an over-reliance on these methods – which reflect consumers’ conscious attitudes – often leads to ineffective creative strategies
Over the past few years many of us who work in brand strategy at Y&R have been noticing a disturbing trend. It seems our industry has begun to use traditional surveys and focus groups almost exclusively to develop advertising campaign strategies. We’ve observed that an over-reliance on these methods – which reflect consumers’ conscious attitudes – often leads to ineffective creative strategies.
For example, imagine a scenario in which men insist in focus groups that they hate dumbed-down, sexually-suggestive beer advertising, but when we create a more sophisticated campaign it fails in the marketplace.
The reasons why aren’t completely clear – perhaps it’s due to an increasing need for consumers to respond with socially correct answers, or the unwillingness of respondents to take a position contrary to that of others in a group setting. But it seems to be happening more and more.
So a major question we’ve been asking ourselves recently is: How can we get a truer view of consumer motives so we can craft better campaigns the first time?
To find an answer, we decided to do some foundational exploratory research to help get at both the conscious and unconscious sides of consumer motivation. Our hypothesis was that what people say (consciously) in response to rational research questions isn’t the whole story and may in fact be misleading us.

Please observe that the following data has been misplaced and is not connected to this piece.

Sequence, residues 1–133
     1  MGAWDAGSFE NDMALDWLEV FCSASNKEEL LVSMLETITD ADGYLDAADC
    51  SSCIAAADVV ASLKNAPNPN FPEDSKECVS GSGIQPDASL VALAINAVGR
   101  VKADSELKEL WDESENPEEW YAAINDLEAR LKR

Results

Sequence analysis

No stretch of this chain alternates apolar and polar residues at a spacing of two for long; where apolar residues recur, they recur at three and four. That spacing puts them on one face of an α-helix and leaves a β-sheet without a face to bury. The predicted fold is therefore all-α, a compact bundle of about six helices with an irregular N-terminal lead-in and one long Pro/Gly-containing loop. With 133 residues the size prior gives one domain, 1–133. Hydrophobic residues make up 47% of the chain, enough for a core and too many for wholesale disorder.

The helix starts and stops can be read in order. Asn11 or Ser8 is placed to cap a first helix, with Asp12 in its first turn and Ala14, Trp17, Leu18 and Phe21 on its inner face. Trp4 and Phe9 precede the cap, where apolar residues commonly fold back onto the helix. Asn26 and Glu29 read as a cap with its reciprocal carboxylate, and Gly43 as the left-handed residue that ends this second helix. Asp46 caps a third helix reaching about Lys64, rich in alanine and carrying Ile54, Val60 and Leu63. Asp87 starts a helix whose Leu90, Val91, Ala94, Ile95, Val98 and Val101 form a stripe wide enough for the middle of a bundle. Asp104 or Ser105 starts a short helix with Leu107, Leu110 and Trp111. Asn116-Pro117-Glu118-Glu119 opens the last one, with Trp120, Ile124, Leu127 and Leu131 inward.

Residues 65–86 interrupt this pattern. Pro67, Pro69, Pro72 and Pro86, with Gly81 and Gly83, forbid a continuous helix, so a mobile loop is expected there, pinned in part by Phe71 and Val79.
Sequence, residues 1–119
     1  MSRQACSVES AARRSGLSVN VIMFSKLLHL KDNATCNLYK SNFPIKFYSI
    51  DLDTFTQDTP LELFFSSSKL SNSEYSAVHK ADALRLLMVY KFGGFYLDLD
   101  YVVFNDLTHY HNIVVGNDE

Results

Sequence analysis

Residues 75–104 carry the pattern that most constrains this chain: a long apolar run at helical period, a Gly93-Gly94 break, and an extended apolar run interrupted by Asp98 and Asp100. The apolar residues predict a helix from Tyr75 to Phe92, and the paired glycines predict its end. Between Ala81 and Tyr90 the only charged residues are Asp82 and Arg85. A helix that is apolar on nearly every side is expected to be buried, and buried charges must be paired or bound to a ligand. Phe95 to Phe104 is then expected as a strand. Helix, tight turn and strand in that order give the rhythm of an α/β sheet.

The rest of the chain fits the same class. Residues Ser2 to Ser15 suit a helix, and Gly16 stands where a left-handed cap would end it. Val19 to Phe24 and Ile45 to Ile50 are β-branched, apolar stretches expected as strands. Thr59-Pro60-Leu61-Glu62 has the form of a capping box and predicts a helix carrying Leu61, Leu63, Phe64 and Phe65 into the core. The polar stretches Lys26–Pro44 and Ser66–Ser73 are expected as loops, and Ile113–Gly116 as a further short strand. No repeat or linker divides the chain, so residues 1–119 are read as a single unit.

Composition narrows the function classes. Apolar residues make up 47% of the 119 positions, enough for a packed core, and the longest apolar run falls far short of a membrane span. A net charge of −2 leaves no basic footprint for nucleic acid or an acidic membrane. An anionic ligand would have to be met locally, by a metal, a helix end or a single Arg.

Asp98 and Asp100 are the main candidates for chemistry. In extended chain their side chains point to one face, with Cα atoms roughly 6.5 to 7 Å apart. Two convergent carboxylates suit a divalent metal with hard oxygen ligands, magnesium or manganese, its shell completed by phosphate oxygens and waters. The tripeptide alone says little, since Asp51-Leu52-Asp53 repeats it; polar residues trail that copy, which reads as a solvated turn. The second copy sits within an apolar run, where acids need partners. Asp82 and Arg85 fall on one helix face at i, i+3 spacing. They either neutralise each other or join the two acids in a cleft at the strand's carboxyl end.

The study we designed is unusual in its melding of two research approaches: Traditional survey research, which reveals what people think consciously; and indirect questioning, using an approach called implicit association that reveals unconscious motivations – the deep drives that operate outside of our conscious awareness.
Implicit research methods uncover unconscious reactions indirectly, e.g., through reaction time. Tests like these have been used extensively and reliably in academia in the study of prejudice, psychopathology and attitudes, among other topics, and were featured in Malcolm Gladwell’s book Blink.
Y&R partnered with psychologist Dr. Joel Weinberger, an expert in unconscious processes, to design and analyze the results of this study. Dr. Weinberger is a clinical, personality and motivation psychologist, a partner in Implicit Strategies, and a Professor at the Derner Institute for Advanced Psychological Studies, Adelphi University. The two specific tests Dr. Weinberg employed in the study were implicit networks and implicit emotions tests.
The research was conducted in the Spring of 2013 online among 900 respondents in the U.S., Brazil and China, with representative samples of adults 18+ in the U.S. and A, B, and C social classes in China and Brazil.
What Did We Learn?
The Hidden World.
We found that some of consumers’ most important motivations are hidden from view to the casual observer, and that our consciously stated motives may misstate what lies within. Our personal desires appear to operate on two different planes – the conscious and the unconscious, which turn out to be quite different from one another.